A Brief Exploration of the Influence of Religion on Homeopathy

A Brief Exploration of the Influence of Religion on Homeop

“Imagine there’s no countries
It isn’t hard to do
Nothing to kill or die for
And no religion too
Imagine all the people
Living life in peace”

– John Lennon

I approach the topic of the religious influence on homeopathy with trepidation. It is such a huge topic and in this article I will only scratch the surface. I will argue that for the homeopathic practitioner a religious approach to life is invaluable; however it is not essential to be a Christian or follow any religion to do homeopathy; and that Tibetan Buddhist philosophy has something to offer the homeopathic prescriber.

Some time ago I attended a homeopathic seminar given by Anna Schadde. Schadde intertwined her presentation of cases with her own philosophy of life, which, if I remember correctly, incorporated a belief in re-incarnation. I remember during the lunch hour that I reassured a worried student who did not agree with Schadde’s philosophy, “You do not have to be religious to be a homeopath. Homeopathy is secular.”

Not all homeopaths would agree. Hahnemann, a freemason and a Christian, wrote:

“For truth is of the same eternal origin with the all-wise benevolent deity.” [1]

Dr. J.T. Kent was a Swedenborgian Christian who wrote,

“You cannot divorce medicine and theology. Man exists all the way down from his innermost spiritual to his outermost natural.” [2]

Professor E.A. Farrington, also a Swedenborgian, when ill towards the end of his life, was urged by his lay friends to consult an allopath as homeopathy was not helping him. He said, “If I must die, I want to die a Christian.”

Dr. A. Korndoerfer wrote in Dr. Farrington’s obituary, “His faith in the law was unbounded; he believed it divine in origin, and therefore wholly true.”[3]

I think we must make a distinction between a religious philosophy that enables us to deal with the suffering of humanity and our role in it and a philosophy that melds with the philosophy of homeopathy and may actually distort it. For Hahnemann, despite his Christian protestations, his profound religious faith had little actual effect on his account of how to do homeopathy. He gave instructions in the Organon just as a panel beater might give instructions on how to repair a car, or a chef on how to prepare a recipe.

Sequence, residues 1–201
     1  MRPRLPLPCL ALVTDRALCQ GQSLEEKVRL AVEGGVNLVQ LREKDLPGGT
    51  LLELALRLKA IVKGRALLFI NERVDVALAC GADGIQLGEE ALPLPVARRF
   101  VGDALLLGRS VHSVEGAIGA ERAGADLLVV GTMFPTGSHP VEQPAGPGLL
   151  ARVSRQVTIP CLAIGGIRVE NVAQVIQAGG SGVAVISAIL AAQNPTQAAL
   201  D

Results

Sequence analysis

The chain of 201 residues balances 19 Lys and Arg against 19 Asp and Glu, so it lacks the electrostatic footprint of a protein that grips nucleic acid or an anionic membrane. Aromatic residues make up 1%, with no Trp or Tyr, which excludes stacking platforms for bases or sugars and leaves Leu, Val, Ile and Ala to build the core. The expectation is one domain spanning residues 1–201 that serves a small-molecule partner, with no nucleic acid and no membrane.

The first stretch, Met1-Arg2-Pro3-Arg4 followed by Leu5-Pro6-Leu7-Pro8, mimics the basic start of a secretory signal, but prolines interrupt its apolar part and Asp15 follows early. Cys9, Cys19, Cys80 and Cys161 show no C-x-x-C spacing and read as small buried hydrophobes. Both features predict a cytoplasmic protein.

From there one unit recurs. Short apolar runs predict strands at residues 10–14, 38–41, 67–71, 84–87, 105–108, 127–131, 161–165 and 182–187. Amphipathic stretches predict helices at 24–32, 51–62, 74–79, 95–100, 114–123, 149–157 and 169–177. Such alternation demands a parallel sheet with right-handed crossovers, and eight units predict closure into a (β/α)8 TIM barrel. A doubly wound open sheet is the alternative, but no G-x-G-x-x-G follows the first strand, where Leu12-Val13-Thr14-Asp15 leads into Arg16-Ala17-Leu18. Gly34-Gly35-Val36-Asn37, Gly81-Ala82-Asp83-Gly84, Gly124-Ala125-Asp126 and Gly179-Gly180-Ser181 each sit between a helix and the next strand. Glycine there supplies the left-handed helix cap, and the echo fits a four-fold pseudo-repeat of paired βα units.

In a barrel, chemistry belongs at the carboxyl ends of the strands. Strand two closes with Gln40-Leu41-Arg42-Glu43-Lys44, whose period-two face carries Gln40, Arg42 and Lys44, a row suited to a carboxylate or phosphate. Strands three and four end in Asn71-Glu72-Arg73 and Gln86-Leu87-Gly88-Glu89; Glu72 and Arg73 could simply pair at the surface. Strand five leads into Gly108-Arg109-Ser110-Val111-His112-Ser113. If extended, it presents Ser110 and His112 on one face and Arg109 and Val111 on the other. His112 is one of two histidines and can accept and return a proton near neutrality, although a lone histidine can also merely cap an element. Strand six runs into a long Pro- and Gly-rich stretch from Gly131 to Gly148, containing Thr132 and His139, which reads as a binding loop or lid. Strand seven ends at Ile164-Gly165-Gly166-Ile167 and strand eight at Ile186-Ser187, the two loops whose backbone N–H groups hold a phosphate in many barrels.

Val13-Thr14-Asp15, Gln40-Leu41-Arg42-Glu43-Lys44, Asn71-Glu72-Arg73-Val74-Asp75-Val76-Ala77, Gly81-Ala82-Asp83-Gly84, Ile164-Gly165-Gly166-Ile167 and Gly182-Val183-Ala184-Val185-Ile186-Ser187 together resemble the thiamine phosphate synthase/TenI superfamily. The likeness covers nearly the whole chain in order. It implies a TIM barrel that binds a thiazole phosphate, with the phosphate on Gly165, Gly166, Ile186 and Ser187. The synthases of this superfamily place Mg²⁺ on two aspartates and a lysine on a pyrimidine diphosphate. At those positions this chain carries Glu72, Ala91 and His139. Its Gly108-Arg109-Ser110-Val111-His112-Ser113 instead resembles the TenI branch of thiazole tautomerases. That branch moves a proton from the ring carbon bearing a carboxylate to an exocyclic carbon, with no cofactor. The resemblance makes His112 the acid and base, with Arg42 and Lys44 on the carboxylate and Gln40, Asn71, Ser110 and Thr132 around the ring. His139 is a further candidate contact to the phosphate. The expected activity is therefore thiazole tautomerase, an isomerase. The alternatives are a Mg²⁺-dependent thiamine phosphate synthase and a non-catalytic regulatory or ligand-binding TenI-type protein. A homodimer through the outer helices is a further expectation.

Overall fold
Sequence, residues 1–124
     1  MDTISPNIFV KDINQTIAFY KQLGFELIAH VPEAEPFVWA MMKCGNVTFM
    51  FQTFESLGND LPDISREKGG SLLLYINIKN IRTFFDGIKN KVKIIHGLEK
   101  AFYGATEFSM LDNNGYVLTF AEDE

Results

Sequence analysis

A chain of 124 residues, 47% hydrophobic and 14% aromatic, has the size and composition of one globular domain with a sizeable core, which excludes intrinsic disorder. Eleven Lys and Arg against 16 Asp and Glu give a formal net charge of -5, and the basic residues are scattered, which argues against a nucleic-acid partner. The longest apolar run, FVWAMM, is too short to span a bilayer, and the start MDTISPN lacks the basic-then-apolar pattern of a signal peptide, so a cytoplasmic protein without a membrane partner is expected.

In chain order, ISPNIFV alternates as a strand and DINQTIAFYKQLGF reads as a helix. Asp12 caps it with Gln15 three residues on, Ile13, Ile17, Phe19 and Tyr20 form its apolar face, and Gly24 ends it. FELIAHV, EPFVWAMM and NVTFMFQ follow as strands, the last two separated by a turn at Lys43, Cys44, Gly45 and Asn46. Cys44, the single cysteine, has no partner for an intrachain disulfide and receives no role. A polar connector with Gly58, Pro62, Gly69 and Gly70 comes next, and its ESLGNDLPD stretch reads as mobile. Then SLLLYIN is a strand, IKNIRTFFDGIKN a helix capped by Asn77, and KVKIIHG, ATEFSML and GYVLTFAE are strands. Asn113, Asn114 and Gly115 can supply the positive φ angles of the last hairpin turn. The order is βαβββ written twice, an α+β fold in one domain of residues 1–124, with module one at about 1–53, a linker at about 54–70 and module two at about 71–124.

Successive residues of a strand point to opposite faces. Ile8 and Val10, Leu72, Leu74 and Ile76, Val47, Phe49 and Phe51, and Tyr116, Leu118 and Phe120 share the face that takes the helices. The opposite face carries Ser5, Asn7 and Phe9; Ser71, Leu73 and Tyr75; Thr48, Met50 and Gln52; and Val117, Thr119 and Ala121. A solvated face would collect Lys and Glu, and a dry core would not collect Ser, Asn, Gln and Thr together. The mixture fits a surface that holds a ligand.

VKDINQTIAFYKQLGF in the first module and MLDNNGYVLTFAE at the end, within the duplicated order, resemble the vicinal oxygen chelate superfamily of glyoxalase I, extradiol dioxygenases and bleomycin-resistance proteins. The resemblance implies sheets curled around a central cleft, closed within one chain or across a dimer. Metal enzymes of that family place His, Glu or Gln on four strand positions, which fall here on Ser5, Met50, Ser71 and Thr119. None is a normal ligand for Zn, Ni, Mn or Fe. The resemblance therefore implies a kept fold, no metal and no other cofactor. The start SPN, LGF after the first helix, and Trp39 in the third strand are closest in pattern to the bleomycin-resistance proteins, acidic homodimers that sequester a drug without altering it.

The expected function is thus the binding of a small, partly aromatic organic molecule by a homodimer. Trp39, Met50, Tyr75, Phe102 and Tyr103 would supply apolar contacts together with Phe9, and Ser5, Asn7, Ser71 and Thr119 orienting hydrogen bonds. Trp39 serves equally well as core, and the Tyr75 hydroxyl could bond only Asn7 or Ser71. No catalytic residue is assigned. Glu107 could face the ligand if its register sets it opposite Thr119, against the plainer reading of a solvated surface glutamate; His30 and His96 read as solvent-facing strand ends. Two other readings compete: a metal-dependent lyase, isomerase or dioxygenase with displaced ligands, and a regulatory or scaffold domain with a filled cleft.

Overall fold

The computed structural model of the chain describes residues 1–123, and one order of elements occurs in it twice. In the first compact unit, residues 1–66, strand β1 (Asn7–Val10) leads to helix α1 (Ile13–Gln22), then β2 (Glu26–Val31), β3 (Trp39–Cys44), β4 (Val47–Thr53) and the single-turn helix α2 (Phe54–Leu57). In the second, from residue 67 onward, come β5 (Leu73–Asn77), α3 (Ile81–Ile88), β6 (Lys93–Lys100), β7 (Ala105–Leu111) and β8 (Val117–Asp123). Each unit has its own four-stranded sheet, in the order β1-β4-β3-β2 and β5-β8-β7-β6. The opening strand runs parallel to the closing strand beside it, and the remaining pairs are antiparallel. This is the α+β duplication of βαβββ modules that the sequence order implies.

Hahnemann wrote, “In the healthy condition of man……. the indwelling, reason-gifted mind can freely employ this living, healthy instrument for the higher purposes of our existence.” [4]

For Hahnemann the point of homeopathy was to restore the sick to health. He did not specify what the patient should get up to when restored. “The higher purposes of our existence” is suitably vague.

For Kent his Swedenborgian philosophy influenced his homeopathic philosophy to such an extent that even now some hold that his beliefs are fundamental to homeopathic prescribing. Kent’s “hierarchy of symptoms” is based on Swedenborgian thinking. Kent believed that the higher dilutions corresponded to mental and emotional disturbances while the lower dilutions corresponded to the physical. The belief that a mental symptom is usually of more significance than a physical one comes from Kent and he derived this concept from Swedenborg. [5] I was taught at one stage that a low potency could not affect a person’s mental state – a theory that has been demonstrably disproved by my patients on several occasions. Kent introduced a judgmental element to prescribing – talking of “taints” from which patients must be freed.

I think it important that we do unravel the strands of belief that make up the corpus of homeopathic thinking. If the homeopath is steered away from perceiving the indicated remedy because too much emphasis is,say, placed on a fear of heights and not enough on a burning pain that is better for heat, then Swedenborg has a lot to answer for.

An analysis of Sankaran’s religious beliefs on the way he works might bear fruit. His latest work points to the fundamental belief that disease takes away a person’s essential humanity which can be restored to them by the indicated remedy. The sick person’s energy corresponds more to that of a plant, an animal or a mineral than to that of a human. It is the role of the homeopath to identify that shift in energy, administer the appropriate remedy and the patient’s essential human nature may then be manifested. [6]

Jan Scholten’s understanding is religious in nature too. What underpins his analysis of remedies grouped according to the periodic table is the concept that humanity is in progress and illness results when someone gets stuck at one particular phase of the process.[7]

It is early days to assess the effectiveness of the work of Sankaran and Scholten. The important thing is to acknowledge the belief systems that underpin their philosophies.

We should unpick their theories and see where they diverge from the basic principles of homeopathy as laid down by Hahnemann. The purpose of this is not necessarily to dismiss the theories but to “keep bright the chain”, to be aware of what we are doing.

*Religion and its role in supporting the practitioner*